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What sets the Major League Soccer, Apple streaming deal apart

Major League Soccer executive vice president of media Seth Bacon told Yahoo Finance's Alexandra Canal that the league's streaming deal with Apple (AAPL) "set the bar at a different level for people to think about how you do a partnership with a media company."

Yahoo Finance Reporters Pras Subramanian, Alexandra Canal, and Josh Schafer join the Live show to discuss what makes the MLS and Apple agreement different from other sports streaming deals.

For more expert insight and the latest market action, click here to watch this full episode of Yahoo Finance Live.

Editor's note: This article was written by Stephanie Mikulich.

Video transcript

ALEXANDRA CANAL: I've been looking at the future of Major League Soccer's deal with Apple TV. The league's latest season kicked off last week. And it got me thinking about the current fragmentation of sports rights.

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So, basically, guys, unlike other sports, like the NFL where you need to sign up for multiple streamers, have a cable package just to watch the full season. You don't have to do that with the MLS. They consolidated all of their media rights a few years before they renegotiated their contract.

They wanted one true partner. And they found that in Apple. It was also attractive to Apple as well because they didn't have to have competitors in the mix. They could have full control over the distribution of these games.

And there's a lot of people out there that are thinking that this could have a big boon when you think about the Vision Pro headset and the opportunities there. I did have a chance to speak with Seth Bacon. He is the executive vice president of media for the MLS.

And he said that this is something that is working. They're seeing this partnership lead to an increase of viewership numbers and increase of signups to Apple TV. But I don't know if you could see this with other types of players like the NFL, for example. I feel like you're going to always have--

JOSH SCHAFER: The NFL might be too big, right?

ALEXANDRA CANAL: Right.

JOSH SCHAFER: And you're never going to get one sole partner when you think about the fact that one big tech company pays $1 billion for 15 games a year. Think about how much you would have to pay to have every NFL game. I think at some point, maybe it's just inconceivable just from that standpoint of like how much NFL rights are worth.

But you're. Right for MLS, it made a ton of sense. It's a league that wants to grow, a league that's looking for a consistent place for people to find them. I think sometimes when you're on some of these local sports networks, it's useful, but also, sometimes people don't really know where to find those.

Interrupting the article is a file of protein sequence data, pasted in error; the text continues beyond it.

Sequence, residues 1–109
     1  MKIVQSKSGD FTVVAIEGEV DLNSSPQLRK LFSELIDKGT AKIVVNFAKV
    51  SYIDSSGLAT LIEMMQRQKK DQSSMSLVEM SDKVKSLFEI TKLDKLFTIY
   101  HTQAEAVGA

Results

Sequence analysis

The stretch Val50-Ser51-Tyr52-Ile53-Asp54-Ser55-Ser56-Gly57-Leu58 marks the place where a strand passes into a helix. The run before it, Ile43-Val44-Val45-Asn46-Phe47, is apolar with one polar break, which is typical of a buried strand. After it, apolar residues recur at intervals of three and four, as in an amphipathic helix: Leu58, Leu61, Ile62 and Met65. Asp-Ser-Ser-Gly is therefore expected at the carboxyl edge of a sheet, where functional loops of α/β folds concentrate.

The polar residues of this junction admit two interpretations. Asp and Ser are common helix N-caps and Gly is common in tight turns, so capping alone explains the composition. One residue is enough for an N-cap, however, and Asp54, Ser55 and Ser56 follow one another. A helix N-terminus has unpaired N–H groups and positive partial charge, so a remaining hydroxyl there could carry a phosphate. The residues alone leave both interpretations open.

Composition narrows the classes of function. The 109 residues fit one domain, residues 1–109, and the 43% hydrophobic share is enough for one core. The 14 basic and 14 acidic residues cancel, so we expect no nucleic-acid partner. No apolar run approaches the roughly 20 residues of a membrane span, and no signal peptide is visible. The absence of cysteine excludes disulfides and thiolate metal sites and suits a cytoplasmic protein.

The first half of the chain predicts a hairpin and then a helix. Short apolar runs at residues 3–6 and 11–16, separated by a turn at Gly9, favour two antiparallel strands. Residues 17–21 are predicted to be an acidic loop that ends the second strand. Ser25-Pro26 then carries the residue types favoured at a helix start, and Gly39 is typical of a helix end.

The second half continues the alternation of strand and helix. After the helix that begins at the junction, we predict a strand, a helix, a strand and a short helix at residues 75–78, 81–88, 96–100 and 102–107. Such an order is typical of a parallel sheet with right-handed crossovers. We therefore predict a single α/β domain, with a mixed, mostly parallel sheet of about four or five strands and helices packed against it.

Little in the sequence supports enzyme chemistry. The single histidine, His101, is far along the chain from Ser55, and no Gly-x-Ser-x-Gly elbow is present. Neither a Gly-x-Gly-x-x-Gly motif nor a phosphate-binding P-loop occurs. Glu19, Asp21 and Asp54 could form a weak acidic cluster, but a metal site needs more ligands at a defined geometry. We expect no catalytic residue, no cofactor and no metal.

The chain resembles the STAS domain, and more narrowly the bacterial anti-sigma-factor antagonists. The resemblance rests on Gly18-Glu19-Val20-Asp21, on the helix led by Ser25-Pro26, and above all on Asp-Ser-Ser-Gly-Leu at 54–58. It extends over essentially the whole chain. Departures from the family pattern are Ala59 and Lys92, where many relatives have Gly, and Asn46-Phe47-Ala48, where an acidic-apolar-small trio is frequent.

Not everyone still has traditional cable. Right now, you could make the argument that, oh, they're on Apple plus. That's hard. I have to pay for Apple plus, et cetera.

But at least where to get it. MLS is on Apple TV plus. There's one place to go. And I think that's helpful for consumers from that standpoint.

PRAS SUBRAMANIAN: But it's $12.99 a month. It's yet another thing to add to your collection of streaming services. And you really got to be a big MLS fan if you want to do this.

And I was a casual fan. And I feel like it's a bit too much money for a casual fan to get involved. I want to follow NYCFC and not so much the Red Bulls, et cetera.

But that's sort of the equation you got to do here with this service. But I think you're right. I think it's a great service with the collect all of it in one spot.

And you mentioned the Vision Pro. Maybe there's a good use case there for someone who has this, someone who's a fan. I don't know. It's maybe a more interactive or more dynamic way to watch the content.

ALEXANDRA CANAL: Yeah. And Apple's also producing a docuseries. Sort of similar like we've seen with Formula One, Drive to Survive. So potentially that could add more fans.

And I also think Lionel Messi coming to the MLS was huge for not only the league, but also for Apple and driving a lot of viewership.

JOSH SCHAFER: I'm excited to see what goes on the Vision Pro from a sports perspective. If they can put you in a moment--

ALEXANDRA CANAL: I mean, it's a 10-year deal.

JOSH SCHAFER: --that's the kind of thing that you don't really get right now. And you would think that's where these headsets are going. So it'll be interesting to see what happens with that.

PRAS SUBRAMANIAN: Yeah.